Four Years and 364 Days to Build a Creamery...
and I may be overly optimistic about the 364 day part!
A goat dairy at the nascent Pennyroyal Farm vineyard began as a conversation early in 2007. After two years of planning, foundations were laid for the barn and milking parlor in a freshly planted vineyard just east of downtown Boonville, a secluded town in California's Mendocino County. The 70' by 100' barn was designed to comfortably accommodate a milking herd of 108 goats. The milking parlor permits 36 goats to enter at a time, filling two raised platforms between which the milker is stationed. While construction proceeded on the dairy buildings (which allowed me to relocate my herd from Sonoma County to the site of the future farm), planning and the convoluted permitting process were tackled for the creamery.
On a recent foray into Manhattan, I went to Joe's Dairy on Sullivan St, famed makers of mozzarella.
The site has been a dairy for many decades. However, in 1977 the original "Joe" sold the store and dairy to seventeen year old Anthony Campenelli, who literally lived next door. It had been Anthony's dream to own the business and he, together with his brother Vincent and other members of the family, still operate it.
Fresh cow's milk mozzarella is made throughout the day in the tiny room behind the store with a certain number of cheeses being set aside for smoking. The smoking process takes place over hickory wood and lasts a mere four minutes.
24 March 2011
Even a gypsy eventually reaches the end of her rope, and I have. All the schlepping, buying, wrapping, TSA-ing, and airport shuttling has gotten the best of me, and I am ready to settle down somewhere delicious for a while... you know, actually live somewhere I can sink my teeth into. After Italy, what should a girl do?
Just a couple of quick pictures from the exhibition floor: there are over 4,000 folks crammed in here, all of them brewers except me (and Steph).
Let’s talk about restaurant week in Boston. First: calling it restaurant “week” is something of a cruel joke on the restaurants of the city, as it’s really TWO weeks long. Two weeks is a long time, and a LOT of three course meals. The deal is three courses for $33.11 (for dinner), which, depending on the menu, can mean a bunch of diners making out like stuffed bandits, or still-hungry, disappointed, would-be bandits. It’s mostly a great deal.
What I really want to talk about is congealed cheese, and how much of it my coworkers and I have scraped off of soup spoons, skillets, and the floor in the past week and a half. Much as I, (and everyone in Boston) love(s) melted cheese, be it in French onion soup, rarebit, or mac & cheese, it’s pretty vile after it’s been sitting, cooling in its own grease for half an hour. Blech.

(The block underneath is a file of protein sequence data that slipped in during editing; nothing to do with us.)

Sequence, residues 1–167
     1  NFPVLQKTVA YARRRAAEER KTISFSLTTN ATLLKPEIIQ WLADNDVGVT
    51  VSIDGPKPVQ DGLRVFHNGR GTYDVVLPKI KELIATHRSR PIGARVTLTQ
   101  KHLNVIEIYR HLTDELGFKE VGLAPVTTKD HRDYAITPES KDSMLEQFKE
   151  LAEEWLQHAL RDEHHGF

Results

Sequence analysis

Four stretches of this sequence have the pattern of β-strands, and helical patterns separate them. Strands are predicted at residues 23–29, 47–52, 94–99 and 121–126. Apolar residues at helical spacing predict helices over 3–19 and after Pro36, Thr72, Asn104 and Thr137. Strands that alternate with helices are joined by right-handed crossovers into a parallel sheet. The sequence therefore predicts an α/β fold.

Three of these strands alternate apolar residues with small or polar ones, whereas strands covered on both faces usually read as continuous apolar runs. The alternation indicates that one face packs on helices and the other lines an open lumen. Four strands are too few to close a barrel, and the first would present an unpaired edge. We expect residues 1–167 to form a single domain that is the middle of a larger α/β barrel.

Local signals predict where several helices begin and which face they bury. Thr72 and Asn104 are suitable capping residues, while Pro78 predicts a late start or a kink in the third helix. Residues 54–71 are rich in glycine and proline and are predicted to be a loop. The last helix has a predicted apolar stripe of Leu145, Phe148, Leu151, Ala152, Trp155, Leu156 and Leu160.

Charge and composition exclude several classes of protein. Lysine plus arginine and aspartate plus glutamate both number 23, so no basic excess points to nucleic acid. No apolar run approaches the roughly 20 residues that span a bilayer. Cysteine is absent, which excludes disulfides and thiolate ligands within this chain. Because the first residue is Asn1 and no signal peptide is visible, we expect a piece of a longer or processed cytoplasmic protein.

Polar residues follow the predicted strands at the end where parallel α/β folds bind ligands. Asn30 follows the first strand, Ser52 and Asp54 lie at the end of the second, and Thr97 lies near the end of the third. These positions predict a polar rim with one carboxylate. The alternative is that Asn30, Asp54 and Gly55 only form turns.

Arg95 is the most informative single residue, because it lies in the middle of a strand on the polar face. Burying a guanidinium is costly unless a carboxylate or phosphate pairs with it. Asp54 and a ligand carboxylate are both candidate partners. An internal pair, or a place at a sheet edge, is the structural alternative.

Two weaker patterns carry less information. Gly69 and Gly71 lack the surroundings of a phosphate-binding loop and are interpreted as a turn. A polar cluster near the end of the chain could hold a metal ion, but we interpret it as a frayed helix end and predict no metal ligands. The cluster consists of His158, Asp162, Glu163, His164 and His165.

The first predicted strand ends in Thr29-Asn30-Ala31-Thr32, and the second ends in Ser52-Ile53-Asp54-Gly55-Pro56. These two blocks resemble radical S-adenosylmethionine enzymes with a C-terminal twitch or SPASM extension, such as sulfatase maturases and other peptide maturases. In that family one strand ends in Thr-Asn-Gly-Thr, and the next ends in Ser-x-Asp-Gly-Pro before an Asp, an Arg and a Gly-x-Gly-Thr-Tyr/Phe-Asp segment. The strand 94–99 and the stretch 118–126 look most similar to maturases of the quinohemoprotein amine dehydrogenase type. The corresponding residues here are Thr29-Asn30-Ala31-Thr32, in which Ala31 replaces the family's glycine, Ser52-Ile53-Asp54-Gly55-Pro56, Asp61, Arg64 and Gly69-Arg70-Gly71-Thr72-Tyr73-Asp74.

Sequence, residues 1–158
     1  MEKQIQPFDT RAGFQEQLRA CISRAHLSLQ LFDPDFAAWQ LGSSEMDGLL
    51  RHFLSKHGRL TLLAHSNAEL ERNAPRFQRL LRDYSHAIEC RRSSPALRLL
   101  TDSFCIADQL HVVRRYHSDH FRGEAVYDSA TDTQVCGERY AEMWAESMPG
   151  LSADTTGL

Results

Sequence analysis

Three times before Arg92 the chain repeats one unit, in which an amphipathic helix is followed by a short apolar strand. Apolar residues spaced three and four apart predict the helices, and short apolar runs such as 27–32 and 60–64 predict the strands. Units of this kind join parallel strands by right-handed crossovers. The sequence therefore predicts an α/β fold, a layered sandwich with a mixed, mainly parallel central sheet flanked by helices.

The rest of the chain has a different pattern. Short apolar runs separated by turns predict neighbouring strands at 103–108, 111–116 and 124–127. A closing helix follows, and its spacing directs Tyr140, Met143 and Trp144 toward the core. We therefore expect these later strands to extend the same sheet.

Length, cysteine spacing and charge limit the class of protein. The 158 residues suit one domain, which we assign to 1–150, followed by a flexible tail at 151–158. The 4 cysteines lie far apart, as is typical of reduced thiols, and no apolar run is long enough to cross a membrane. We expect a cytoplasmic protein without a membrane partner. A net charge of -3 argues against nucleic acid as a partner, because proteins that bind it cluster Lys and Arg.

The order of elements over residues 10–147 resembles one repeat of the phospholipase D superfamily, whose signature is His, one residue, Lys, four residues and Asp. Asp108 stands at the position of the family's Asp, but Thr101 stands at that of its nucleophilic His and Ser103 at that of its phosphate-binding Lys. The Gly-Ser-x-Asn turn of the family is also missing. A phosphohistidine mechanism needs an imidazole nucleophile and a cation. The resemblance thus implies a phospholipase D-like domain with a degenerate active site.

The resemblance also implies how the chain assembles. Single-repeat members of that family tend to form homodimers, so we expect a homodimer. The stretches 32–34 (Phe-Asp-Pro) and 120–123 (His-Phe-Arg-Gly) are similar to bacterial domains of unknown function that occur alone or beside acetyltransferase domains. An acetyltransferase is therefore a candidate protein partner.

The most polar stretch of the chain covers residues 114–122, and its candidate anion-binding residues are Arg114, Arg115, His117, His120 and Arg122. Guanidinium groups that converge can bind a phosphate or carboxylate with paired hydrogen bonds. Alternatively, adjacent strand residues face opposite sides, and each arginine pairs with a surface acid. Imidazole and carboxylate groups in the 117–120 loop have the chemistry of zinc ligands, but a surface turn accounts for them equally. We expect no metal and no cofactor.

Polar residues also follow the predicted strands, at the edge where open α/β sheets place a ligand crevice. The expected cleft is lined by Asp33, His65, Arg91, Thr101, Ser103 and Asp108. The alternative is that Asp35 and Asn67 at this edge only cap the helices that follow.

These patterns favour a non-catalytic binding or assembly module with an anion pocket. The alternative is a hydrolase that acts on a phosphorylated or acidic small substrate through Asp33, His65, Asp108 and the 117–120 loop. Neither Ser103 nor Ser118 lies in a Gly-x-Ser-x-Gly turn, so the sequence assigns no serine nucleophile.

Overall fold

For any cheese fans in the Pacific Northwest, don’t forget the 7th Annual Oregon Cheese Festival will be held this Saturday March 19th, 2011 at Rogue Creamery, Central Point, Oregon.
I was just talking with Tami Parr, one of the Festival’s organizers and here is what she says:
“This year's festival promises to be bigger and better than ever - literally! A bigger tent, more vendors and cheese celebrities will be on hand to ring in the seventh year of this festival celebrating all things Oregon cheese.
In attendance will be Oregon cheesemakers from Willamette Valley Cheese Co., Pholia Farm, Tumalo Farms, Rogue Creamery and many more, all sampling and selling their handmade cheeses. The farmer's market style event will also host local purveyors of all sorts of delectable treats including wine, beer, breads and chocolate. The fun, informal setting encourages attendees to meet the people who make the cheeses they've come to love.
07 March 2011
There is certain arrogance to being a foodie, a sort of lifted-up, unspoken status that of course means absolutely nothing other than the fact that you've survived being raised on Big Agri and have since reinvented your relationship with food. Indeed it is cool to embark on a life of tasting and pairing, spreading and dipping, and of course, adding cheese to anything and everything you can sample it with. And it’s fun to work the gastronome angle, show off your cheese exposure to your pedestrian-palate friends, dropping names and saying it properly as well. Admit it, it’s equally as fun to whip out the arbitrary seasoned or wine-crusted piece in gorgeous wrap and pass it off as just some little nothing lying around in your humble Sub Z. Admit it, knowing what’s out there is a constant source of amusement. Which brings me to my latest game: introducing myself as a blogger for an American cheese magazine, while befriending the Lunigianese artisan cheese producers and sampling everything in sight. Well it’s true, isn’t it? Wouldn’t you do it?